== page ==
2. Well, maybe. All churches keep their doors open and hope new people will show up. This is not good enough. UU churches should reach out to cohorts of the population such as single parents, people who are recently widowed or divorced, families who have an alcoholic member…the list is endless. UUs think this is a great idea, but have no idea how to pull this off.

    Once arrived, newcomers need to understand what journey a particular congregation is embarked upon. I know of few UU congregations that can define this journey. I can’t tell you how many people have wistfully said to me, “I’ve been a member of this church for eight or nine years, and don’t believe I’m any more of a religious or spiritual person than when I joined.”

  3. I think the concept of “being welcoming” — once radical and transformative — has become something of a tradition, much in the same way as lighting the chalice or singing hymns. We do them, often without putting thought into why we are doing them, or the deeper meaning behind them.

    Imagine joining a church and suggesting that they go out of their way to welcome GLBTQ folks. And then someone raises the question: “Why?” And then you have to list the reasons, challenging the cultural and theological assumptions of that community in the process.

    In a way, your post here is challenging us to ask ourselves that question once again, and in so doing remind ourselves of the real reason we strive to be actively inclusive. Thank you for that!

  4. As a lesbian, I am in the UU community because I am welcome, but I don’t stay just for that. It gets me in the door, but I stay because my spiritual journey is what I make of it. If in my early days someone had said to me “God loves you and so do we” it would have sent me running out the door. I have heard that line before by fundamentalist who meant it, but only in the narrowest and most controlling ways. When I introduce myself to new faces in my congregation I never use the “G” word. I tell them how long I have been a member, only a few years, and ask what brought them here. I stress the welcome I have felt and that my spiritual journey is supported here. For my part, the atheist example is the most compelling and spiritual story I come across. I am a theist, but the atheist who chooses to support humanity and our planet because it is the right thing to do blows away anything that any God centered spiritual system offers. On my darkest hours, knowing God loves me is nice, but what is the face of God? It comes from the love and nurturing in the world around me; the wind , rain and earth beneath me; the smiles, tears and hugs from those humans in my life; from the grace and savage beauty in the natural world; from the inspiration of art, music and poetry ; from the inspirational personal histories of challenging lives lived. Those things and more count here.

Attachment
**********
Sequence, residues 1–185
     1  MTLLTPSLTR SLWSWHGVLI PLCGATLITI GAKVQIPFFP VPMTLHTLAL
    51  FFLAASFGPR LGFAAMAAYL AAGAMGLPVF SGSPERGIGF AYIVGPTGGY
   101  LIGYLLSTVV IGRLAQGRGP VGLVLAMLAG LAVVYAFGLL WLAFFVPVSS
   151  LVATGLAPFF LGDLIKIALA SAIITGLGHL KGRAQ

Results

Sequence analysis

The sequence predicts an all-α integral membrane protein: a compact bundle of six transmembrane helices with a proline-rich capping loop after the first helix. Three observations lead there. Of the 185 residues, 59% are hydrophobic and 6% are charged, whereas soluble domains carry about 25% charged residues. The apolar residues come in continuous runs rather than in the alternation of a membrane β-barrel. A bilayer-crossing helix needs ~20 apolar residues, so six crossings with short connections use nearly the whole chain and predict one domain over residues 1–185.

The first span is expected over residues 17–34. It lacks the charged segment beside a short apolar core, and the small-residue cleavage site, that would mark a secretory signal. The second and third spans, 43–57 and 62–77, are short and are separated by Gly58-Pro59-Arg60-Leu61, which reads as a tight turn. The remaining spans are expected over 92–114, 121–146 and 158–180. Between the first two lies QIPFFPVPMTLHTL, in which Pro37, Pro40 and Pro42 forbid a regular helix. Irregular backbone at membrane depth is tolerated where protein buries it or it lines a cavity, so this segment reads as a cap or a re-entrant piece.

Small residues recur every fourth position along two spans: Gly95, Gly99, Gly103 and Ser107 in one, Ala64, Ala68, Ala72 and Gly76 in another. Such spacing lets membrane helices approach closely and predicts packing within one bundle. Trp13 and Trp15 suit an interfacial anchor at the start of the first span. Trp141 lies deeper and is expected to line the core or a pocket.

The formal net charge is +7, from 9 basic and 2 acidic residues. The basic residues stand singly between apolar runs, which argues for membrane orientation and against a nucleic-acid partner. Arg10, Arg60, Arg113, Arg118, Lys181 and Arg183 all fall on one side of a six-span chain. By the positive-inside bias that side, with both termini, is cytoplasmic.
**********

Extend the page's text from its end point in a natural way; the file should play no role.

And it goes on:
Newcomers need to know that the UU path is ready to embrace them no matter where they are on their spiritual path. Someone who may have been beaten down by other religious traditions can find our freedom overwhelming or fake. They can take this path on turbo speed or at a snail’s pace. They choose. What they need now is the smile of welcome and the offer of company along the way.